The Rector of Justin continues Auchincloss’s analytical portrayal of American society and its institutions, here focusing upon the type of boys’ boarding school that he himself attended and that has furnished the United States with much of its business and political leadership since the end of the nineteenth century. Told from a number of viewpoints, the tale of Justin Martyr Academy and its founder, the title character Francis Prescott, remains tantalizingly incomplete even at the end, showing the basic anomaly of an institution that seeks to foster “democratic” ideals while charging high fees and adhering to a selective admissions policy.
The unifying narrator of The Rector of Justin is one Brian Aspinwall; too frail of health to join his fellow Americans in preparing to fight the Nazis, he arrives to teach at Justin Martyr Academy during the eightieth year of the legendary founder’s life. At first merely keeping a diary of his impressions and encounters, as of his own possible vocation to the Episcopal priesthood, Brian finds himself drawn to the old man by what he perceives as the latter’s unwavering moral courage. In time he goes on to project a full-scale biography of Prescott, assembling spoken and written testimony from a variety of witnesses. Proceeding with his chosen task, Brian discovers that others before him have tried, and failed, to produce a Prescott biography. Brian too will fail, for want of life experience and objectivity.
The book, as it stands, intersperses Brian’s reflections with his steadily increasing, yet maddeningly inconclusive, documentation. Notably absent from the growing pile of written testimony is any word from Prescott himself; throughout his long life and career the old man has written little or nothing, preferring instead to be remembered by his actions. Yet it is precisely those actions, variously remembered and interpreted, that somehow fail to “add up,” leaving even the elderly Prescott himself with the impression that he has somehow failed in his self-appointed mission.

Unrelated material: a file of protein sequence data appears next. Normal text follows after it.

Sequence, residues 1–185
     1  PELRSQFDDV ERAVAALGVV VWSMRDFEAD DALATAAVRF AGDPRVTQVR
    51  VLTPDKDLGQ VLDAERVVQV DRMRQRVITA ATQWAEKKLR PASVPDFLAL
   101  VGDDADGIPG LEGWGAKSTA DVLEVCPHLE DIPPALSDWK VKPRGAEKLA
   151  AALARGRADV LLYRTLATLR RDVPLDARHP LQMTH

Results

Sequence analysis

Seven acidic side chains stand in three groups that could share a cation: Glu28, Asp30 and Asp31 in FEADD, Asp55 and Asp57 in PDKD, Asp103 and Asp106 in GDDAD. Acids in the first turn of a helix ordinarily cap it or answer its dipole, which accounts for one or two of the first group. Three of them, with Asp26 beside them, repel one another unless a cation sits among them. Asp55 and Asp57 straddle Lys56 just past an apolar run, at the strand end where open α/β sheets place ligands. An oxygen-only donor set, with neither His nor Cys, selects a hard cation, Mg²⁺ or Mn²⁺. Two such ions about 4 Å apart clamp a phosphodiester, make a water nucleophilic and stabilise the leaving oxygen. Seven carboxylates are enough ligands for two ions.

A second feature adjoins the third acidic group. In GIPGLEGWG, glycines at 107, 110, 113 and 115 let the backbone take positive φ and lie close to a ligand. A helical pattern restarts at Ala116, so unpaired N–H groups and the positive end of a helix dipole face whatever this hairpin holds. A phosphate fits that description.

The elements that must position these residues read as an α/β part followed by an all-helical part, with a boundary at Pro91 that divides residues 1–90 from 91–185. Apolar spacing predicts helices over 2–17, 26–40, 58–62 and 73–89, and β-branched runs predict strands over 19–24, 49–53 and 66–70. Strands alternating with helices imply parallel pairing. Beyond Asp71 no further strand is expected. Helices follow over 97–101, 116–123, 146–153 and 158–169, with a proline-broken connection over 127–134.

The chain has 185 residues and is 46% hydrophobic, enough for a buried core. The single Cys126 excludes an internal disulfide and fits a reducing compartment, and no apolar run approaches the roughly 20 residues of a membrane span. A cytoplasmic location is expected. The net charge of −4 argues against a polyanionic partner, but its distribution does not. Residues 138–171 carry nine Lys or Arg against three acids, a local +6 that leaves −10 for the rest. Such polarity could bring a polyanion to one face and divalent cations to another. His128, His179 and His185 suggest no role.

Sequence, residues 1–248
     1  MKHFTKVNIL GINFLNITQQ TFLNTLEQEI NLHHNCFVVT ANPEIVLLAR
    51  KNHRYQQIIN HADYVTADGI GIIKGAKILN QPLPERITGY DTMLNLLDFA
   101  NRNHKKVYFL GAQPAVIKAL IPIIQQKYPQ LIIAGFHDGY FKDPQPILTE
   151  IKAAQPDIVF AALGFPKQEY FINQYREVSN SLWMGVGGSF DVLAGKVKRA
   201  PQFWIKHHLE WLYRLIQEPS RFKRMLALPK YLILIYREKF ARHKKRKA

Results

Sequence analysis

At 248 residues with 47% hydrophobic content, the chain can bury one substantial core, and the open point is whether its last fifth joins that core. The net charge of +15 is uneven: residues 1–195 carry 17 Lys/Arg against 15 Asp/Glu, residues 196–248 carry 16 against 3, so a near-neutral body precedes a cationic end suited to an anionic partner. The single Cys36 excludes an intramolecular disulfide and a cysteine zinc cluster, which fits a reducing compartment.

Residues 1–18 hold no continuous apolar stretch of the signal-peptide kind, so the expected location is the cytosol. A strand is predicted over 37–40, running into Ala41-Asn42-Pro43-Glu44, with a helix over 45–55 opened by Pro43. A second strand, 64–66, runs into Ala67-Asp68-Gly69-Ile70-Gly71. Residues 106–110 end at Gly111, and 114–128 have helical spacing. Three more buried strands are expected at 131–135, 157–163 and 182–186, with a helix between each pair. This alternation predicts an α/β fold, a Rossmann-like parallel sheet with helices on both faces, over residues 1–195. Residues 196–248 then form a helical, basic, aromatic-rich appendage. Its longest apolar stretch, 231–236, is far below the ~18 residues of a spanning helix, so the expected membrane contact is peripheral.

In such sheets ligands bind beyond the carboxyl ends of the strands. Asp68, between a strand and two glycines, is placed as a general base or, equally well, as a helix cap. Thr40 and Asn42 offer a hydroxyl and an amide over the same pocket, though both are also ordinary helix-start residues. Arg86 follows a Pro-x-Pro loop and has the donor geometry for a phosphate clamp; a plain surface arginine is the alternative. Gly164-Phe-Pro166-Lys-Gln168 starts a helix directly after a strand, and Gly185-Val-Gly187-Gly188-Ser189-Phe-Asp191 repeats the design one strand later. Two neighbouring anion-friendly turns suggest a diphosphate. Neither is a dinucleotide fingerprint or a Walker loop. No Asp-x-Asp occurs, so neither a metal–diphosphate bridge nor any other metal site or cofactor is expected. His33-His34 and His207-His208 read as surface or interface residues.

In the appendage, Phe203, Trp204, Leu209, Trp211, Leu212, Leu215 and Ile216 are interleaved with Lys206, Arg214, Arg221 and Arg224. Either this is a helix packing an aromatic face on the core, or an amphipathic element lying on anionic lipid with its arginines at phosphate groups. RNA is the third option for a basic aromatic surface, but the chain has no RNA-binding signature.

Born during 1860 in New England, Prescott lost his father to the Civil War and his mother to disease while he was still a child, spending most of his youth in an early prototype of the type of school that would become his “dream.” Completing his education at the University of Oxford, Prescott carefully studied the British “public schools” as potential models for his own academy, somehow missing the basic contradiction between British aristocratic ideals and the already ingrained democratic ideals of his New England boyhood. While at Oxford, moreover, Prescott momentarily lost interest in the religious studies that he deemed necessary for the founder/headmaster of an Episcopal school, instead reading deeply in the Greek and Latin classics.
Diverted from his dream, Prescott returned to the United States in 1881, embarking on a brilliant career with the New York Central railroad and planning marriage to a vivacious young woman from California, only to abandon both in great haste after a mysterious dream or vision during which his earlier ambition returned with a vengeance. Curiously, Prescott remains somewhat uninterested in theology, pursuing the prescribed course of study only to acquire what he sees as the teaching credential needed for his chosen task. While at Harvard, Prescott also met Harriet Winslow, an intellectually inclined “proper Bostonian” to whom he would remain married until her death nearly sixty years later. His wife and three daughters, however, would assume a distinctly secondary importance in his life, overshadowed by the creation—and preservation—of the “perfect” boys’ preparatory school.
As Brian Aspinwall proceeds with his research, it becomes increasingly clear—to the reader, if not to Brian himself—that Prescott’s single-minded perfectionism, ironically founded on imperfect principles, has left many human casualties in its wake, including family, friends, and...
(The entire section is 1,503 words.)